NSTA 2012 1b Supporting Disciplines and Science-Specific Technology Pre-service teachers will understand the central concepts of the supporting disciplines and the supporting role of science-specific technology. __1  __2  __3  __4
(1)Unacceptable / Insufficient
Paper demonstrates an insufficient understanding of the central concepts of the supporting disciplines and the supporting role of science-specific technology.
(2) Needs Improvement / Emerging
Paper demonstrates a basic understanding of the central concepts of the supporting disciplines and the supporting role of science-specific technology.
(3) Basic Proficiency
Paper demonstrates solid understanding of the central concepts of the supporting disciplines and the supporting role of science-specific technology.
(4) Outstanding Performance
Paper demonstrates detailed understanding of the central concepts of the supporting disciplines and the supporting role of science-specific technology.
NSTA 2012 1c Impact of Standards on Students Pre-service teachers will show an understanding of state and national curriculum standards and their impact on the content knowledge necessary for teaching P-12 students. __1  __2  __3  __4
(1)Unacceptable / Insufficient
Paper demonstrates insufficient understanding of state and national curriculum standards and their impact on the content knowledge necessary for teaching P-12 students.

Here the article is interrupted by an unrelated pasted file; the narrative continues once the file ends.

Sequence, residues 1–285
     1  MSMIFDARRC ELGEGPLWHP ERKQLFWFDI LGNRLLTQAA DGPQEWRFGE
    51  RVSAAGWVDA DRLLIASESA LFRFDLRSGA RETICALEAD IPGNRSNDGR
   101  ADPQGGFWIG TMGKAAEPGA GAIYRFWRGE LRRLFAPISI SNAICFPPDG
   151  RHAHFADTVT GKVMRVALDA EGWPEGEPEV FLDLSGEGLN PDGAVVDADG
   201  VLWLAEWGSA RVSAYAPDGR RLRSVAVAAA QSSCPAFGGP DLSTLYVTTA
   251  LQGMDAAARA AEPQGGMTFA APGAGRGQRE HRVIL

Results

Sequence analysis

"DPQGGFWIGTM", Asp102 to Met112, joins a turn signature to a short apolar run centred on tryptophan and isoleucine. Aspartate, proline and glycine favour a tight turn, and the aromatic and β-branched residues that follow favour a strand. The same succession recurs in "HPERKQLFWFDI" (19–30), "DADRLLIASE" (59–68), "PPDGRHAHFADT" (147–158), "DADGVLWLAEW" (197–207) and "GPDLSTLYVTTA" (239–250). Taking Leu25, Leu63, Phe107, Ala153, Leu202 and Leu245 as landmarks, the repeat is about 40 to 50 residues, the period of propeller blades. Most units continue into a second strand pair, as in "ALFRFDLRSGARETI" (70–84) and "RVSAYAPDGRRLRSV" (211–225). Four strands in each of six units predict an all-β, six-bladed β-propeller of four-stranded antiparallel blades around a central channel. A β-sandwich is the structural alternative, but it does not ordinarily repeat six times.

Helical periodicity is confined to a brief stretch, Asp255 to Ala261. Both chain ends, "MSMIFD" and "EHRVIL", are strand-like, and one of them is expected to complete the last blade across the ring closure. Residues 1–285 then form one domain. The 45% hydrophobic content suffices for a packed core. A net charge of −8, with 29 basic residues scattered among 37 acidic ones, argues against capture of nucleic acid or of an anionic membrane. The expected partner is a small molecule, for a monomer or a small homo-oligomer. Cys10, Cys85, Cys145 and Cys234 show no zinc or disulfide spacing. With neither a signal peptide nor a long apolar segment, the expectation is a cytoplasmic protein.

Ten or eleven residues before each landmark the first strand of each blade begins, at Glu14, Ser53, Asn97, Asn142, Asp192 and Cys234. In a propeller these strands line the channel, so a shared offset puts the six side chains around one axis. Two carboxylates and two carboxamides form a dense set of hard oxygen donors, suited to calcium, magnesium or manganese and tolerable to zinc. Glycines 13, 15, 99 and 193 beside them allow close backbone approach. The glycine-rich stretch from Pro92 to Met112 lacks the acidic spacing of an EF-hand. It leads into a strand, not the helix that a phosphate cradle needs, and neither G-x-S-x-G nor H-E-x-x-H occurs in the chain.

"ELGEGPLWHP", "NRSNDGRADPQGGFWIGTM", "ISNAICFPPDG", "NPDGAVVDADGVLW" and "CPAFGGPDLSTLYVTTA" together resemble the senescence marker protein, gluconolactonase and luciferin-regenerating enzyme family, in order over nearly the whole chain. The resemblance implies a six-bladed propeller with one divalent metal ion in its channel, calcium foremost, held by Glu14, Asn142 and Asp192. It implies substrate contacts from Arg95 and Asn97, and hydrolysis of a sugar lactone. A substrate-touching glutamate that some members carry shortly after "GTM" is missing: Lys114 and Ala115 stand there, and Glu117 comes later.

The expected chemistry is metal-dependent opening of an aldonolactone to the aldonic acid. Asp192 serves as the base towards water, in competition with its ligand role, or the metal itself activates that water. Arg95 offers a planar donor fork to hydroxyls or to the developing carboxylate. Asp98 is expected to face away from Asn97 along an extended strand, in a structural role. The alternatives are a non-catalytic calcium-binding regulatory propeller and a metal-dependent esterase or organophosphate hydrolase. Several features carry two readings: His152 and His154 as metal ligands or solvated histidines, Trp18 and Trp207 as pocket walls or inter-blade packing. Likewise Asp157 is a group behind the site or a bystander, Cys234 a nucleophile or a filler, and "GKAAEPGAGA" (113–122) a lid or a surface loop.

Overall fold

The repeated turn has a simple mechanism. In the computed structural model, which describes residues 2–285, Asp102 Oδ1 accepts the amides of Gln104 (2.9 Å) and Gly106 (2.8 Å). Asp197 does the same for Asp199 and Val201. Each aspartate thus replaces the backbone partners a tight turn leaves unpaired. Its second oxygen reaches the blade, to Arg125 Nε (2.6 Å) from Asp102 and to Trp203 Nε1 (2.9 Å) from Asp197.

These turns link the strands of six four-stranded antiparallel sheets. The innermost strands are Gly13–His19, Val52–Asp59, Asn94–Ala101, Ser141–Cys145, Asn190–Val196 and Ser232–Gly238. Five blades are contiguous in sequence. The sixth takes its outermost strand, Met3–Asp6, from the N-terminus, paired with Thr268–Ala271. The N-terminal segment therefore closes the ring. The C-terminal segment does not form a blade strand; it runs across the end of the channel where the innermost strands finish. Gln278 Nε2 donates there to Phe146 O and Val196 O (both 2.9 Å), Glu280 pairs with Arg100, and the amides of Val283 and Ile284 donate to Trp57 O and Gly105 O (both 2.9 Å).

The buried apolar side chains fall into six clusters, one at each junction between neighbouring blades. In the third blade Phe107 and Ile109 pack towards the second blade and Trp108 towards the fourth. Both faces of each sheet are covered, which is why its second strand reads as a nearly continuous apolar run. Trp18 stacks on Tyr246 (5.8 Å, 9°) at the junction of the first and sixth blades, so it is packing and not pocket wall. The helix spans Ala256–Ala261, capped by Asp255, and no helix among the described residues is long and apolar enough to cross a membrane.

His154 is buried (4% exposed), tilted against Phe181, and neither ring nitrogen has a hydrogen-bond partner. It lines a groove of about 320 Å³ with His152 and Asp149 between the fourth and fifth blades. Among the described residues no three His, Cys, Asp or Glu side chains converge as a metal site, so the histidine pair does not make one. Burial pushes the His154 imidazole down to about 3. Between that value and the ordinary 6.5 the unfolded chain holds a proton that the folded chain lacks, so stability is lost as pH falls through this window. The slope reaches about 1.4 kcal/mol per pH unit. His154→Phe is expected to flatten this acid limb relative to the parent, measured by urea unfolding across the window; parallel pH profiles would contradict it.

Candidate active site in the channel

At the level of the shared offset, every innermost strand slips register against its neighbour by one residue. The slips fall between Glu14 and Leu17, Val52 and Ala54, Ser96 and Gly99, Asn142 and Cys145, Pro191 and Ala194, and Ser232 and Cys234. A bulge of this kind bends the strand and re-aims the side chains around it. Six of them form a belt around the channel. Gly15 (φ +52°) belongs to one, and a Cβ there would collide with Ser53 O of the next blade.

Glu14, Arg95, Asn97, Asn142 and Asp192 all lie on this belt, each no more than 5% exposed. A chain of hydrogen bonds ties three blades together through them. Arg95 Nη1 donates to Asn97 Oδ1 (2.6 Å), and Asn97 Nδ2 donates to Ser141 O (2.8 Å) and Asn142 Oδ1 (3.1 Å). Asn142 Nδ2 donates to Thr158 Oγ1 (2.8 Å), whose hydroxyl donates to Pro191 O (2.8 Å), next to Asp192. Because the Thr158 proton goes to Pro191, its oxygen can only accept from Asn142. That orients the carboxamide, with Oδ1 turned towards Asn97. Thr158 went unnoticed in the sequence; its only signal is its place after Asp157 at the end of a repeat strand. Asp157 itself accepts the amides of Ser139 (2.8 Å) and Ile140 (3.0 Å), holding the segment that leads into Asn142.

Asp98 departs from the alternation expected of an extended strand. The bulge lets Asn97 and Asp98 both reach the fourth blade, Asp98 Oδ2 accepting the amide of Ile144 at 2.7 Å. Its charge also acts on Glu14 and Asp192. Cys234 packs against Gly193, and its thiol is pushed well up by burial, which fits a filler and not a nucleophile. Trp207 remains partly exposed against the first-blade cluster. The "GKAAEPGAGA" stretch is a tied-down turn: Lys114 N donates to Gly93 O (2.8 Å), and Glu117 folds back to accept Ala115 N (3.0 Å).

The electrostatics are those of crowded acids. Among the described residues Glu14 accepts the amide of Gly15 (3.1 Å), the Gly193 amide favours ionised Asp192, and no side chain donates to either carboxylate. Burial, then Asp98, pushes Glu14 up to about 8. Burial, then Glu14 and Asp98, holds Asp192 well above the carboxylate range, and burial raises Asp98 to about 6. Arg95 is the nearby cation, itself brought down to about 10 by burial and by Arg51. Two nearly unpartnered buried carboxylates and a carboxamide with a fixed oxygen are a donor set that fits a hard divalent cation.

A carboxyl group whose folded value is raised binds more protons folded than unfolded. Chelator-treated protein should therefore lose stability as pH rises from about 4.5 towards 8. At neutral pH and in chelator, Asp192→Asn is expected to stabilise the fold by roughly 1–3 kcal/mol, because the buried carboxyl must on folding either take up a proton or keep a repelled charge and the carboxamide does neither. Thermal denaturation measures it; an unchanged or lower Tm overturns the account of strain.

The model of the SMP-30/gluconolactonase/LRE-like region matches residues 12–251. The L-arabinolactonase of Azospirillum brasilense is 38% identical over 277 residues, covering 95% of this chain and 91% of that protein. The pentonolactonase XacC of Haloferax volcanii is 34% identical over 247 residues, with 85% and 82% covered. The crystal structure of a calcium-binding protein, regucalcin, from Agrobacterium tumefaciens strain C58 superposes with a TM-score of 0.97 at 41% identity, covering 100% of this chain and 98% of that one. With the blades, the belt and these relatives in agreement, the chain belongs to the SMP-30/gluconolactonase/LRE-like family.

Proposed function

(2) Needs Improvement / Emerging
Paper demonstrates a basic understanding of state and national curriculum standards and their impact on the content knowledge necessary for teaching P-12 students.
(3) Basic Proficiency
Paper demonstrates a proficient understanding of state and national curriculum standards and their impact on the content knowledge necessary for teaching P-12 students.
(4) Outstanding Performance
Paper demonstrates a detailed understanding of state and national curriculum standards and their impact on the content knowledge necessary for teaching P-12 students.
 
Part II - Warner School Science Standards
The following rubrics are intended to evaluate the extent to which in this assignment you have provided evidence of meeting the specific Warner School standards listed below, using the following definitions:

1.   Insufficient – i.e., this standard was not met.
2.   Emergent/needs improvement – i.e., there is only partial evidence that this standard was addressed or the standard was only partially addressed; more evidence is needed before determining proficiency with respect to this standard.